New 100% genuinely affordable homes and a pub for Acton

Metropolitan Thames Valley Housing (MTVH) is bringing forward proposals to redevelop the site of the former Goldsmiths Arms and Flaming Grill into a 100% genuinely affordable housing scheme with a ground-floor commercial space, which could include a new pub.

The application has been submitted to Ealing Council, and will be determined by Ealing’s Planning Committee in due course.
To find out more about our proposals, you can view a copy of the Design and Access Statement by clicking the download link below.

Key Benefits

  • A 100% genuinely affordable housing scheme, giving local people access to a good quality home that they can truly afford.

  • 65 new affordable homes across London Living Rent and London Affordable Rent tenures.

  • Homes for local people who want to invest in their first home but who are currently priced out or who need a home at an affordable rent.

  • New commercial space that could see a pub re-open as part of a mixed-use scheme.

  • Flexible commercial space that could include a new pub, local shop, café, community centre, nursery and/or gym.

  • An opportunity to deliver a new local meeting place for residents in Acton.

Frequently Asked Questions

1. What happened to the pub?
  • The pub was closed by the Greene King pub co. in September 2017 after the company sought to extend trading hours to encourage more trade. It was not closed by MHA London, the freeholder of the site.

  • The Greene King is one of the nation’s largest and most successful pub chains and landlords after a period of marketing by Savills from spring of 2017 to late summer 2017.

  • It has been well documented that the public house industry is struggling, demonstrated by the recent news that the nation’s most successful pub chain, Wetherspoons, is to close 16 pubs across the UK.

  • It is documented through licensing history that in July 2010, when the Goldsmiths Arms Landlord applied for an extension to the licence this was objected to by both Goldsmith’s Residents Association and Shaa Road Residents Association. The objections were on the basis of the following:
    1. Anti-social behaviour (noise, broken glass, public urination and vomiting in the street)
    2. That there were several other pubs in the area that had more liberal licensing laws and so there was no requirement for another pub to have liberal licensing provisions.
    3. The pub is in a conservation area and there are concerns among the local population about appalled by anti-social behaviour.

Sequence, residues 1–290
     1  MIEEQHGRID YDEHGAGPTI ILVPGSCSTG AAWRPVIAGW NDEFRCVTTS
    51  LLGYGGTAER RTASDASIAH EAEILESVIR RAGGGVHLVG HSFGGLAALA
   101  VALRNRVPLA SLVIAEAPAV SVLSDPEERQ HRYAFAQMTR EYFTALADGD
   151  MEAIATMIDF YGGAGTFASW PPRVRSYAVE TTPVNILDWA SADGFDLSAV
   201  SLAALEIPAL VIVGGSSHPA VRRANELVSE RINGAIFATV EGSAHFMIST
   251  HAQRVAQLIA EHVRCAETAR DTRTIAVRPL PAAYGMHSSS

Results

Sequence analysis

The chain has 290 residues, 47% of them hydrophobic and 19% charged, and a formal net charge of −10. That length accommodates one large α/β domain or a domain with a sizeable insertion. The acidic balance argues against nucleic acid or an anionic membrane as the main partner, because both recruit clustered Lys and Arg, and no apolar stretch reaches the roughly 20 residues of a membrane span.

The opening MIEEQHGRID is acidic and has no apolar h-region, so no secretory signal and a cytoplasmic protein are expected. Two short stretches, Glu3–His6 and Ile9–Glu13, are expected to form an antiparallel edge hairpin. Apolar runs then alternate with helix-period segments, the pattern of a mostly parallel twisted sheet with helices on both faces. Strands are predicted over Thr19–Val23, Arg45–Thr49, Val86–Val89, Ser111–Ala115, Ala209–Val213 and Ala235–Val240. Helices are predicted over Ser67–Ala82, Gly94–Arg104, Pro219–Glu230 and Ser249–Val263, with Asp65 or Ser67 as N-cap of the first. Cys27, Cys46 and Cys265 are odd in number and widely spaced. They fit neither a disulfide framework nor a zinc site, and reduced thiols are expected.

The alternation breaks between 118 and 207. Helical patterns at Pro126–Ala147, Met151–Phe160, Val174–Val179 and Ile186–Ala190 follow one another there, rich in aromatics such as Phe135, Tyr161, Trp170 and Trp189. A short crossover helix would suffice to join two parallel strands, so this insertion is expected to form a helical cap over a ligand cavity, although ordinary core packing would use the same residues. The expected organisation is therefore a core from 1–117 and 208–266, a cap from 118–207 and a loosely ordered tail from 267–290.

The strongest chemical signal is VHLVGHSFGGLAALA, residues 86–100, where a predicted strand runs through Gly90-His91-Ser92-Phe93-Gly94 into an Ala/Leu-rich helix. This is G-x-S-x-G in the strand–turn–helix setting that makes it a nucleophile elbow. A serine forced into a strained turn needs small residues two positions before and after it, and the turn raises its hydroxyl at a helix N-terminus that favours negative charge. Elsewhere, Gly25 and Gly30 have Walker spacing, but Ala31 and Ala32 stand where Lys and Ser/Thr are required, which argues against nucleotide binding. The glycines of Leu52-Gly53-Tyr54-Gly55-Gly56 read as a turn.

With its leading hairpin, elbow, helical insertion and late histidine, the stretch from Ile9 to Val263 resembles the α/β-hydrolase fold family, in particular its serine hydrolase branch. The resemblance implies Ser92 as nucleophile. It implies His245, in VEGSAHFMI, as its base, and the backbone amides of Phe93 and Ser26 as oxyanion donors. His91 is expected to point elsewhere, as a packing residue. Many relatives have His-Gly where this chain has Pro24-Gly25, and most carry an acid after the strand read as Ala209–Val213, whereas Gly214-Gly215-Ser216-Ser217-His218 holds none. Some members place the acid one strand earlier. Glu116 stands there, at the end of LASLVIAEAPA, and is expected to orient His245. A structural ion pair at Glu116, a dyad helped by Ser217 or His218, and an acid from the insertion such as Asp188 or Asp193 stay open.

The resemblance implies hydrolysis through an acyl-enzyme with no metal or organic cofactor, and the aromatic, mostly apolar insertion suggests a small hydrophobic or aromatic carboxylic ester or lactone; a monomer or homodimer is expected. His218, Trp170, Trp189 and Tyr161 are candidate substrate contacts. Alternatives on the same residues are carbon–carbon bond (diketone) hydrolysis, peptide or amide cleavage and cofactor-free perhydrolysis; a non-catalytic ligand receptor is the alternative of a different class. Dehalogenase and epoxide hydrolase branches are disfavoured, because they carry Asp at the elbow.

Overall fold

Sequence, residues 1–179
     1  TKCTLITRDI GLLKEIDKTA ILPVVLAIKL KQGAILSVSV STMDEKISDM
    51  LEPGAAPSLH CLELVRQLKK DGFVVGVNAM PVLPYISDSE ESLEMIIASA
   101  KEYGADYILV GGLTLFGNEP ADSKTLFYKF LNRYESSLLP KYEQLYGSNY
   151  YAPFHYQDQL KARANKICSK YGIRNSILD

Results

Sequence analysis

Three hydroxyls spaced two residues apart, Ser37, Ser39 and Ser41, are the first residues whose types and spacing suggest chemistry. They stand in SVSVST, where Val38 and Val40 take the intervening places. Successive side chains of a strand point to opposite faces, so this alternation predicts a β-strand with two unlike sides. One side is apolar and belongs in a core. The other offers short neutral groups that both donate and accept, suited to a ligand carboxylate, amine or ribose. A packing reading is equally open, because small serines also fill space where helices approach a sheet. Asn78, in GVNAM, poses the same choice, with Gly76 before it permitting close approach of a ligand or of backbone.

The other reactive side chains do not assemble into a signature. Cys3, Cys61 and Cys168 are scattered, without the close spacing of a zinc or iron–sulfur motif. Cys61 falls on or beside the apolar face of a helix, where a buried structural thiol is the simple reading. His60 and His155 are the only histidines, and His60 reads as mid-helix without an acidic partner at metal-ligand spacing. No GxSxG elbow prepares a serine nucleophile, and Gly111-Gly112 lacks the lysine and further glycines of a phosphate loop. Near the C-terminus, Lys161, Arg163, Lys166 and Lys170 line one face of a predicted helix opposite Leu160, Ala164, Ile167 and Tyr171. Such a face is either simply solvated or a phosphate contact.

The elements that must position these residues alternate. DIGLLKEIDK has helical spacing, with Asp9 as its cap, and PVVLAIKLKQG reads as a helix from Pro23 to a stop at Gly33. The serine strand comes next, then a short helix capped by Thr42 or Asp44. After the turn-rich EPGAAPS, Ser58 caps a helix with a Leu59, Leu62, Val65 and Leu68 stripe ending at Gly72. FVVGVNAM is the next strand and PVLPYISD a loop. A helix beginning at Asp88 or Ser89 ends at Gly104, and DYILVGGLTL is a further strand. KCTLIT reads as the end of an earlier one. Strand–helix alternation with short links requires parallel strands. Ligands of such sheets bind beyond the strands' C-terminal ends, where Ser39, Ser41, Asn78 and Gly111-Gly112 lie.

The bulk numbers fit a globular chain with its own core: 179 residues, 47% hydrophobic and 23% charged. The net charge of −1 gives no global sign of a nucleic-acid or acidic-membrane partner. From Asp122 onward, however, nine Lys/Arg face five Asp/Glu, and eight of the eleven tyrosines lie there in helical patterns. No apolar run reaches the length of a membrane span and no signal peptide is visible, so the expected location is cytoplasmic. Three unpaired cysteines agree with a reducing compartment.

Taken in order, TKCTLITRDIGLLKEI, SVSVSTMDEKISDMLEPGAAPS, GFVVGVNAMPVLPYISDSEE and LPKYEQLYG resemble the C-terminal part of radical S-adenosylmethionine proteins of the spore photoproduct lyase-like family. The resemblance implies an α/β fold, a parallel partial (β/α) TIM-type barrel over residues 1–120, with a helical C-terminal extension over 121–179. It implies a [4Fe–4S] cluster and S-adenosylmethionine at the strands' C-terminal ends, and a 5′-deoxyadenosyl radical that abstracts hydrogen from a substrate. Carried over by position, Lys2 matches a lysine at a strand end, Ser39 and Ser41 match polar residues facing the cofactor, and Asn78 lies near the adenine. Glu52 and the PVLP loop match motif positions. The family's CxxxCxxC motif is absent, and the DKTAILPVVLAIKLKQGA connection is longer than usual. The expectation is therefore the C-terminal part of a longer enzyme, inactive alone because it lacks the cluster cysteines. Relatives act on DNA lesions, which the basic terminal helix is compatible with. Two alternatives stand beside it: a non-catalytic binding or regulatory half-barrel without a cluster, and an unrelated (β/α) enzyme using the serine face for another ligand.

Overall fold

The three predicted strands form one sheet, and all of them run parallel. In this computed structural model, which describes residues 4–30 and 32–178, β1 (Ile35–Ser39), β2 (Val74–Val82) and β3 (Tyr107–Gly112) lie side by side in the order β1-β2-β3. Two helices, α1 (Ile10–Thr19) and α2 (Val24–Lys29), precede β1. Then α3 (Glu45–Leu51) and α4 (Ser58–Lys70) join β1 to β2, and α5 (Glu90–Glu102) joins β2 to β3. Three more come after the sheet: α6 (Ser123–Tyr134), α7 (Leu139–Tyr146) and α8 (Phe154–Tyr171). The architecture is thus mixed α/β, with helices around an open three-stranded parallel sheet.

4. No problems during the day, but with hot weather and doors to pub constantly opening and closing there would be intermittent noise that would keep people awake
    5. Local residents had no issue with the pubs designated use, but there was concern the pub was a destination for travellers.
  • The landlord stated in response that “the residents desire not to see any change to the existing licence might result in the closure of the pub” and referred specifically to “the currently difficult trading conditions.”

  • A further application to amend licensing hours in 2014 was also objected to by the Goldsmiths Residents Association stating the pub caused disturbance to residents.

  • There is no evidence that the pub was deliberately run down before closing.
2. But I thought the pub was taking £30k a week?
  • We have never been presented with evidence that the pub took £30k a week in revenue (which equates to in excess of £1.5million a year). We would be happy to consider any evidence about the pub’s historic weekly takings if these can be produced.
3. How have you marketed the leasehold?
  • We have marketed the leasehold through the national press (both print and online) since November 2017 to see what potential demand there is from possible pub operators.

  • This has been carried out by placing adverts in Shop Property – a leading property website which displays commercial spaces to let or buy – the Estates Gazette and EG PropertyLink, as well as an advert on hoarding surrounding the site. We have also held a number of viewing days for interested parties in April and May 2018.

  • Our marketing strategy has been put together and carried out on the advice of CWM, one of the UK’s leading property marketing agencies who have a proven track record of marketing all types of leisure facilities, including pubs, in London and the South East.
4. What interest have you had from potential operators?
  • It has been suggested that Wetherspoons, Fullers, Harvester and two local residents were interested in leasing the pub and that we did not respond to their enquiries. This is not accurate.

  • We have responded to all enquiries that have expressed an interest in the pub, with the majority coming from independent retailers and local residents with the exception of some very limited interest from pub companies which quickly fell away. Fullers advised that they did not have a requirement in the area for a new pub, while Wetherspoons declined to take their initial interest further after receiving details. We never received an enquiry and/or offer from Harvester.